I recently mentioned taking some pictures of my wife’s cousin performing in a local bar. To say that the shooting conditions were challenging is a bit of an understatement. The bar is still a bit under construction, and as such, the stage was lit entirely with utility lights, mostly pointing at the sides, not at the performers. Even then, it was like two lights. The image above was ISO 1000, f/1.8, 1/15s. And I’m pretty sure I did some tweaking in Lightroom. I took around 120 shots, I’m pleased with 3, and about 20 didn’t suck. It was tough, and I don’t have any illusions that I’m an amazing photographer. So when I use this post to demonstrate ways another photographer could improve, I’m really trying not to be snarky and egotistical. If I knew the shooter, and he asked, these are the suggestions I would give him. If you’ve made these mistakes (I know I have), consider this feedback for you too.
The person who took the pictures I’m going to critique was at the same performance as I was, using a DSLR-like point-and-shoot. I didn’t notice the brand (did I mention it was dark?) or model. I noticed him sitting at a table early on, and could frequently see the shots he was composing on his LCD. At the time, from what I could see, the camera’s performance looked very impressive. I was hopeful I would get a chance to see his results. Fortunately, he posted them to Facebook, but unfortunately, the set is not public, so I can’t link to it directly. And that’s probably best anyway. I’ve taken screen shots of the set (1, 2, 3, 4) and have saved a few samples.
Also note, I’m not critiquing someone who showed up with a basic point-and-shoot or camera phone, noticed the performance, and decided to snap a few pictures. Joe (not his real name) had an advanced point and shoot and a tripod, and took pictures all night long. He was being intentional. Joe was not a happy snapper; he was attempting to capture the performance through photographs (and maybe video) just as I was.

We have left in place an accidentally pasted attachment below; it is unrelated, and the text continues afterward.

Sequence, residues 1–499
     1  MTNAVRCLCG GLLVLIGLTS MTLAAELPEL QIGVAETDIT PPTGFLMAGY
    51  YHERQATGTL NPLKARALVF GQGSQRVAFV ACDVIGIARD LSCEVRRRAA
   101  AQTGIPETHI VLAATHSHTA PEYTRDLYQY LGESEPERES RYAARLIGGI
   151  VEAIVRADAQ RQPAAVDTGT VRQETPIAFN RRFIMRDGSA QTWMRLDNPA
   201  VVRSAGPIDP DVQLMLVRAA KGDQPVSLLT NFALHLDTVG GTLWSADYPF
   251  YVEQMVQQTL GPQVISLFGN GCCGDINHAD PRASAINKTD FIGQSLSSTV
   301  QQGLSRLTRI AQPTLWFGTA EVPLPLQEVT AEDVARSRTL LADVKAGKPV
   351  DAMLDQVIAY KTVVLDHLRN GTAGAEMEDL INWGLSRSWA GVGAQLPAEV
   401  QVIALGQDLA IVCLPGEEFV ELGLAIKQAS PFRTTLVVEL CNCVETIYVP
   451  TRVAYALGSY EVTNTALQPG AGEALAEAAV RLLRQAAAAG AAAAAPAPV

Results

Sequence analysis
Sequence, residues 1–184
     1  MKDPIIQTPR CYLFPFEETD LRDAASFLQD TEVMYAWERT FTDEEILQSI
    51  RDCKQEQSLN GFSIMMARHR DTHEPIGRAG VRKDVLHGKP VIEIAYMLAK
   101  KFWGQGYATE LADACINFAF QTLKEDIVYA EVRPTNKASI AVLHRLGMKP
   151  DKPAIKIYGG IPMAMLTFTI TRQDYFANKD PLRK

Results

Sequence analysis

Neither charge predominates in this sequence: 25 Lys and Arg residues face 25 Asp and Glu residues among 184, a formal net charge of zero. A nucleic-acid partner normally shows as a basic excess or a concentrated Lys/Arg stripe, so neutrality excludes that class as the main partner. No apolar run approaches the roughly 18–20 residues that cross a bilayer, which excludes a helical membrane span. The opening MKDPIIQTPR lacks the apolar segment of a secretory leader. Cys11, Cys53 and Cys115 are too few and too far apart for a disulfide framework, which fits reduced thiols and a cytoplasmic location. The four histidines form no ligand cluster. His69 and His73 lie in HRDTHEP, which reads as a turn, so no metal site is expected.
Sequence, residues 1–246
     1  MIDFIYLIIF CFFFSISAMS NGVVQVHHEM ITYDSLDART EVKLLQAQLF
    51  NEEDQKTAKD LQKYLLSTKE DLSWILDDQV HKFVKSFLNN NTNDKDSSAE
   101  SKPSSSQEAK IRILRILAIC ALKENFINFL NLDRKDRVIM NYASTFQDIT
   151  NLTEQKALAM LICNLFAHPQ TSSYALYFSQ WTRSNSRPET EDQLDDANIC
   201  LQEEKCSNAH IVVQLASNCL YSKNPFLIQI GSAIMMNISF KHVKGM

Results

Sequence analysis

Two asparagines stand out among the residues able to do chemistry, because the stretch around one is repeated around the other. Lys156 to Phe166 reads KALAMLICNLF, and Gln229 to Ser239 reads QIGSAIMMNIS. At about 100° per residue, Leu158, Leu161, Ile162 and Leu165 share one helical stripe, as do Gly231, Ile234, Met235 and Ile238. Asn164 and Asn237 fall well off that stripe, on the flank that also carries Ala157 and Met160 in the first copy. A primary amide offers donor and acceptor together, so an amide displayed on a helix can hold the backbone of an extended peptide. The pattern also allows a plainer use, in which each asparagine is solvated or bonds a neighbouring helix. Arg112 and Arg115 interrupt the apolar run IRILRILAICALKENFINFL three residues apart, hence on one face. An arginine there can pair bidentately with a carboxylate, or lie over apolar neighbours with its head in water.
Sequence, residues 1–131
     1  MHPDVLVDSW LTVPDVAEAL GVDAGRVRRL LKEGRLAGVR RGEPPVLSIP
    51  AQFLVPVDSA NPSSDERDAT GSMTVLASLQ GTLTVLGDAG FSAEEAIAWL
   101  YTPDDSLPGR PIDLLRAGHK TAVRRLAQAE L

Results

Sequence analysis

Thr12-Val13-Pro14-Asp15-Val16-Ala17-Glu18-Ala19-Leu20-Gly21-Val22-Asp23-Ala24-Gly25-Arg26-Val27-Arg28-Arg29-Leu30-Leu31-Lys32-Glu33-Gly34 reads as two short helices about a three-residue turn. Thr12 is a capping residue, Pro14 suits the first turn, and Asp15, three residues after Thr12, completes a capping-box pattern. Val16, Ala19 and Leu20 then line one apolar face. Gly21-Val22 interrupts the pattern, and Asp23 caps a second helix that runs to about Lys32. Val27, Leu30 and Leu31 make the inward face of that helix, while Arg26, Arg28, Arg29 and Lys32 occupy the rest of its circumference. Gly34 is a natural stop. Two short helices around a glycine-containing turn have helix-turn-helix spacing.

Things he did right :
- Joe stayed out of the way, and was not obnoxious about taking pictures. I believe he sat at the same table the entire evening. I noticed Joe, but that’s only because I’m hyper-aware of potential meta-photography moments. He was inconspicuous.
- Joe didn’t take any pictures using on-camera flash. One or two probably wouldn’t have been a big deal, but he didn’t use flash at all which also tells me he was being intentional about shooting inconspicuously.
- He attempted a number of compositions: faces, hands on instruments, sound-board detail. A couple of his shots are clearly off-vertical, dutch tilt style. Given that he had a tripod, I assume that was intentional, and adds a little variety to his set.
The image above is, to my eye, Joe’s best shot of the night. Both musicians are engaged in the performance. The exposure, though not great, at least results in facial detail. The red cast is coming from overhead utility lights, and explains why I preferred to convert my images to monochrome (see above).
Things Joe could improve on (and I think most of these apply to any shooting situation where people are involved):
- He could have varied his shooting location. Though he changed composition during the performance, he never left his seat to the right of the stage. This is, of course, a balancing act. Perhaps he thought I was a bit of an ass, occasionally walking around to get pictures from the side of the stage. But taking pictures from just one location is an easy habit to break.